There are too many good memories to share, but I want to reflect on a few of the more unforgettable ones from my last five years implementing the J.A.M.I.N. program. And I don’t need to look at the data collected from our surveys to know that the program is reaching students and teachers in a meaningful way. Whether the gesture is great or small, what has most convinced me that we are making a difference is the appreciation, interest, and eagerness expressed by our students and teachers in Jamaica.
Recently, I received an email from a teacher who taught at William Knibb High School, but who now works at another school in Kingston. She said, “I was wondering if the programme is capable of offering the experience to schools in Kingston as well. I believe your programme would fit perfectly into ours and give the students a chance to not only learn about our mangroves, but also aid in their restoration.” She wasn’t the first teacher who has contacted me about expanding the program to other schools in Jamaica. Several others have expressed interest.
Former participants also maintain interest. For example, a graduate of the J.A.M.I.N. program had once contacted me to tell me that he was now in college and wanted to present information about mangroves as a part of his class. His goal, he said, was to educate his classmates and teacher about the importance of mangroves.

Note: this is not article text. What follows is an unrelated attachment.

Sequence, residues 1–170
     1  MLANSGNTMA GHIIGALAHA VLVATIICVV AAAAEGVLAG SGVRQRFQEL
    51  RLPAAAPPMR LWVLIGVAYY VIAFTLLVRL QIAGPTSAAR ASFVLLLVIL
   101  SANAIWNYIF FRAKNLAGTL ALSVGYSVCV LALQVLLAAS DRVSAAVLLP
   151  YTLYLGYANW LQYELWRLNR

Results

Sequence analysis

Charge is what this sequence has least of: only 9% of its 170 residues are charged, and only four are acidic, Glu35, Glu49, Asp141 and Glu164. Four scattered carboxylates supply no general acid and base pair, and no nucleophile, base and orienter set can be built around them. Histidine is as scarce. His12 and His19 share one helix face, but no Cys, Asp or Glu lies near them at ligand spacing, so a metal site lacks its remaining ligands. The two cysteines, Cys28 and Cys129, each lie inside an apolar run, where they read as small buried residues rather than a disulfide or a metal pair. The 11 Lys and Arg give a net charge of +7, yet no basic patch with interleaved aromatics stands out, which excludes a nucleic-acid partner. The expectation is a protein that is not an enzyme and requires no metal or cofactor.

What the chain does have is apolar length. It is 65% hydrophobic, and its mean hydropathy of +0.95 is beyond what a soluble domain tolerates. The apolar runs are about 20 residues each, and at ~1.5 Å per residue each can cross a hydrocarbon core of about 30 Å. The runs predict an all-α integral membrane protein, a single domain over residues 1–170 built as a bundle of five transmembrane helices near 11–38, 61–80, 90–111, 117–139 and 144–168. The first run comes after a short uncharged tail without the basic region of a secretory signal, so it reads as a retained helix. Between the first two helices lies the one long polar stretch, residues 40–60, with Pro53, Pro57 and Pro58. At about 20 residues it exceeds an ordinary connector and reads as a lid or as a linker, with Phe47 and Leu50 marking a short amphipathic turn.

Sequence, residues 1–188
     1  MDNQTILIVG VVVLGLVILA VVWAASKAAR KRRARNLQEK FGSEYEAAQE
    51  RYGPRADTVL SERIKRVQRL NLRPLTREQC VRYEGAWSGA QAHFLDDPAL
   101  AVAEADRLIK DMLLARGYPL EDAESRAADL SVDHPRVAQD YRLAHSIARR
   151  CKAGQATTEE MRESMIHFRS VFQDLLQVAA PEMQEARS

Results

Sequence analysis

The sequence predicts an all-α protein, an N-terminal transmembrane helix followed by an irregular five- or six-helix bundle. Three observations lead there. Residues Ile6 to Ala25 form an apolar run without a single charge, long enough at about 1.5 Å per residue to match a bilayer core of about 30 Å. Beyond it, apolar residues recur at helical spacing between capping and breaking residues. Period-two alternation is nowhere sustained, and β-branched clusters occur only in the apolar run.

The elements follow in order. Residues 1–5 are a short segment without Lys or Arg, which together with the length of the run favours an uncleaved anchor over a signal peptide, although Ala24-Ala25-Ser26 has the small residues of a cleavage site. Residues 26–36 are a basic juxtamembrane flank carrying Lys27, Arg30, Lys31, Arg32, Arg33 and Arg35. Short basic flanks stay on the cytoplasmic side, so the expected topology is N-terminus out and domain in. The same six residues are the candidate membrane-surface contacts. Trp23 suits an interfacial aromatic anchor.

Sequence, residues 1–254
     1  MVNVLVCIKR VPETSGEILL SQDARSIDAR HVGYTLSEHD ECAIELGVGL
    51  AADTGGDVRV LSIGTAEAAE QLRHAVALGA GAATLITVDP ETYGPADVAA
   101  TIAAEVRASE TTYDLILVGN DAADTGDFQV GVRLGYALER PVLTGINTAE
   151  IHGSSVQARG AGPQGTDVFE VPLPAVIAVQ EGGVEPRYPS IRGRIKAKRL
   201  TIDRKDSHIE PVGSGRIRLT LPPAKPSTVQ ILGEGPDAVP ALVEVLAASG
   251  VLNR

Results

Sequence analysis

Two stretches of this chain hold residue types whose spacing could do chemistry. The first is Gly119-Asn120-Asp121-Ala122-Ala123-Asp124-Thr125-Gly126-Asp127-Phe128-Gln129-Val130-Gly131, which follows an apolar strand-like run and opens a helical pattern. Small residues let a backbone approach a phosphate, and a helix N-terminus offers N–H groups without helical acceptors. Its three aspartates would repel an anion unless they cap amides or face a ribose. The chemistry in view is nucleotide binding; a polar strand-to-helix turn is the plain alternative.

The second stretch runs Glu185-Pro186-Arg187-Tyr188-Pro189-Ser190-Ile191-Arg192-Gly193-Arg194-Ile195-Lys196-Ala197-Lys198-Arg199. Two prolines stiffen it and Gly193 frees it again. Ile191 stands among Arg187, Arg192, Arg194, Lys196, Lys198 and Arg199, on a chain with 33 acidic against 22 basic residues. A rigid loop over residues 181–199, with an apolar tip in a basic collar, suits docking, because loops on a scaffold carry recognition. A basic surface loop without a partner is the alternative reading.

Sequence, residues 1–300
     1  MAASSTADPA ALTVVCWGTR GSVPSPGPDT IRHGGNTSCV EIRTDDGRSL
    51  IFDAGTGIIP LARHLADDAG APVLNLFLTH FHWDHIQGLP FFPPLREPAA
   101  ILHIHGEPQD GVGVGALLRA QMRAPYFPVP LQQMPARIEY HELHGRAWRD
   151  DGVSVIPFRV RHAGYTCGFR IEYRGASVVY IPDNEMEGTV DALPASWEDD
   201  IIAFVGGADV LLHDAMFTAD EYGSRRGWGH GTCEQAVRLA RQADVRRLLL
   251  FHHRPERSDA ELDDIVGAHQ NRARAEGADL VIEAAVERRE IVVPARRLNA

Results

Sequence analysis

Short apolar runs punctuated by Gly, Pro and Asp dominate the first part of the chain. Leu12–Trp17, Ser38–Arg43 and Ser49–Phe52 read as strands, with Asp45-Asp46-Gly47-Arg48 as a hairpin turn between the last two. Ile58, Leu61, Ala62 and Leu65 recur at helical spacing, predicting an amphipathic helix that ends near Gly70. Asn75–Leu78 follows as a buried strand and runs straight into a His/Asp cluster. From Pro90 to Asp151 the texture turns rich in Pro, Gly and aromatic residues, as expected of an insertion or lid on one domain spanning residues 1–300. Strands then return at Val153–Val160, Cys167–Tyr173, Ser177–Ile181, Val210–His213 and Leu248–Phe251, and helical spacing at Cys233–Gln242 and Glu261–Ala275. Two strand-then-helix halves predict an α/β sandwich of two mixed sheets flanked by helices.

Amy helps students in the J.A.M.I.N. program learn about mangroves in the classroom and in the field.
On one of our field trips, a man riding his bike approached us and asked us what we were doing. Upon learning that we were doing mangrove fieldwork, he smiled and said that his grandson was in the program and that he knew all about it. He then went on to list, with great enthusiasm, all of the reasons why mangroves are important and need to be protected. All of this he learned from his grandson. He then thanked us and said, “Keep doing the good work.”
Many of our students develop a genuine passion. During our first year of J.A.M.I.N., my colleague and I were approached in the school parking lot by a student who looked very upset. She had missed the school bus and, consequently, missed the final J.A.M.I.N. field trip earlier that day when the students had planted their mangrove seedlings. With tears streaming down her face, she apologized for missing it and went on to tell us that she had never considered a career in the field of marine biology until she participated in the J.A.M.I.N. program. She thanked us over and over again for the experience, and we reassured her that missing one field trip would not stand in the way of her passion and pursuing a career in this field.
Students have shown their appreciation
It is difficult for me to put into words how fulfilling this experience has been, not only professionally, but also on a very personal level. Recently someone told me how positive and meaningful this program is to Jamaica—that it really is making a difference. The truth is, the students, teachers, and my colleagues have brought more meaning to my life than they realize. My experiences with them have affected me in countless ways. To my Jamaican family, I thank you.
Five years of J.A.M.I.N. in Pictures:
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